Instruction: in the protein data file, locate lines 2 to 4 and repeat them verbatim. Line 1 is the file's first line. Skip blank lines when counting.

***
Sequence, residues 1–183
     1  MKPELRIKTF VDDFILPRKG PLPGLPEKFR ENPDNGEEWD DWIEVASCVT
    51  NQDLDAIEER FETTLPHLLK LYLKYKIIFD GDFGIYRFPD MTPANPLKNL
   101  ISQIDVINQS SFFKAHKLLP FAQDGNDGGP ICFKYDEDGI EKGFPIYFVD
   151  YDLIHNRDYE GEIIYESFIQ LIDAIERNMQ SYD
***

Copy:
     1  MKPELRIKTF VDDFILPRKG PLPGLPEKFR ENPDNGEEWD DWIEVASCVT
    51  NQDLDAIEER FETTLPHLLK LYLKYKIIFD GDFGIYRFPD MTPANPLKNL
   101  ISQIDVINQS SFFKAHKLLP FAQDGNDGGP ICFKYDEDGI EKGFPIYFVD